Mitt Romney and Barack Obama are going head to head, and both sides agree that the economy will be the central issue in the presidential election this November.
"It's still the economy, and we're not stupid," Romney told a victory rally in New Hampshire after he won five GOP primaries Tuesday night, modifying the famous slogan of Bill Clinton's successful 1992 campaign, "It's the economy, stupid."
Romney said Obama has failed as president and urged Americans to, "Hold on a little longer. A better American begins tonight."
For his part, Obama told a packed house at the University of Colorado that he understands everyday people's concerns, including the worries of students who have a huge debt burden from financing their education. Obama said he and his wife Michelle don't come from rich families and know what it's like to be "in your shoes." He said the couple managed to pay off their college and law school debts only eight years ago. It was a pointed reference to Romney's vast fortune and criticisms that the former Massachusetts governor can't understand the problems of everyday people.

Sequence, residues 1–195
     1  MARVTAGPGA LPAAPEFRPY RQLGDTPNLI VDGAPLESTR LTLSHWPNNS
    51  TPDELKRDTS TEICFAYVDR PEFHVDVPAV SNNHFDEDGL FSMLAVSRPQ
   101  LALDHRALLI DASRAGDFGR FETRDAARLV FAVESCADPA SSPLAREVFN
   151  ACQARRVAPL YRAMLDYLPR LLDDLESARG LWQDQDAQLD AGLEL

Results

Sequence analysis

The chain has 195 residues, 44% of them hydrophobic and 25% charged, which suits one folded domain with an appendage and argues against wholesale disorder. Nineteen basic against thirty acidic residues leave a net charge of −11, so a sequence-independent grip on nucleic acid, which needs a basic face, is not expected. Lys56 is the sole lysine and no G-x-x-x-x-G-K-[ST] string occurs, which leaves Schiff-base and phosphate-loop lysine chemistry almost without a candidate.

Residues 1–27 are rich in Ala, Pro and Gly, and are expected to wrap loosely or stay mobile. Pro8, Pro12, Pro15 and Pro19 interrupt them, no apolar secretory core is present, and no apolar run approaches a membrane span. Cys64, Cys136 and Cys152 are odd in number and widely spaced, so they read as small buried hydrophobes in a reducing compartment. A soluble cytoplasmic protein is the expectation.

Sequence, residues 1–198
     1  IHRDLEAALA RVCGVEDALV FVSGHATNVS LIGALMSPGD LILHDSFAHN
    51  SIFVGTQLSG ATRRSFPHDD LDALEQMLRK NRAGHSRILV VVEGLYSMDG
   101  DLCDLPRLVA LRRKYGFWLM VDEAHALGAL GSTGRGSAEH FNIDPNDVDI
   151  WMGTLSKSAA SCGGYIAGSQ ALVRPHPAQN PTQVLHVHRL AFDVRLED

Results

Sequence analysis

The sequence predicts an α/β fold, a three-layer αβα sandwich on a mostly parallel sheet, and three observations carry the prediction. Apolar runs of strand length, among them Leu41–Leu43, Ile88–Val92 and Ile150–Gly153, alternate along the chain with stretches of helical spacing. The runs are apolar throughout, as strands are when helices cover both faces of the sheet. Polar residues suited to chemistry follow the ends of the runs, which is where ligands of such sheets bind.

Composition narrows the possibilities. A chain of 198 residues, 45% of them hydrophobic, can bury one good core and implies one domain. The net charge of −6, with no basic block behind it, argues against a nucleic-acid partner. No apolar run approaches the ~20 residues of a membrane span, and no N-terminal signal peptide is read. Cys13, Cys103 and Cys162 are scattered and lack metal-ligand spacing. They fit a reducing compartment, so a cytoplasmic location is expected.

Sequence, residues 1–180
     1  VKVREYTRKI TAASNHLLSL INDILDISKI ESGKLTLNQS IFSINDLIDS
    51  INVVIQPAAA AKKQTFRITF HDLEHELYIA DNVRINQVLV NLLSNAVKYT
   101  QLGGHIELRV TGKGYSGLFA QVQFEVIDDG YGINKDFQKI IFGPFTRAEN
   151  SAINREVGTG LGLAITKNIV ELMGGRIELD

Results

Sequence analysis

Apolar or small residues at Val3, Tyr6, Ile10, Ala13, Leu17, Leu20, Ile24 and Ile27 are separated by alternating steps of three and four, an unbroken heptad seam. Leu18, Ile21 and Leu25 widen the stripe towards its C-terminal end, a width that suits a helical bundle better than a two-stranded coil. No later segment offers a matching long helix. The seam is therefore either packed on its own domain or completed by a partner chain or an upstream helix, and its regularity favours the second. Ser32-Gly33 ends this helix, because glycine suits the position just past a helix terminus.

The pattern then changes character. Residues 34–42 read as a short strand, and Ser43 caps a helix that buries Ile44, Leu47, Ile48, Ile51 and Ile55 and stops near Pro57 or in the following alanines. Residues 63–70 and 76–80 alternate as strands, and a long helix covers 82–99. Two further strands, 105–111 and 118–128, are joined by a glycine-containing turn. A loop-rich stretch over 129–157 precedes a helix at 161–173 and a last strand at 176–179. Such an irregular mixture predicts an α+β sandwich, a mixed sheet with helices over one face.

For his part, Romney is trying to emerge as a sort of presidential repair man, a former investor and ex-governor who can the improve the economy, create jobs, and reduce the federal deficit. Tuesday night, he said Obama has had his chance and proved to be an incompetent economic manager.
Romney staked claim to the Republican presidential nomination by sweeping all five primaries Tuesday in Connecticut, Delaware, New York, Pennsylvania, and Rhode Island—all by commanding margins. He now has 844 delegates, the Associated Press estimated, with 1,144 needed for the nomination. Only two other candidates are left in the GOP race, former House Speaker Newt Gingrich and Rep. Ron Paul of Texas, and both are far behind Romney in delegates.
Ken Walsh covers the White House and politics for U.S. News & World Report and writes a daily blog, "Ken Walsh's Washington." You can reach him at firstname.lastname@example.org or on Twitter.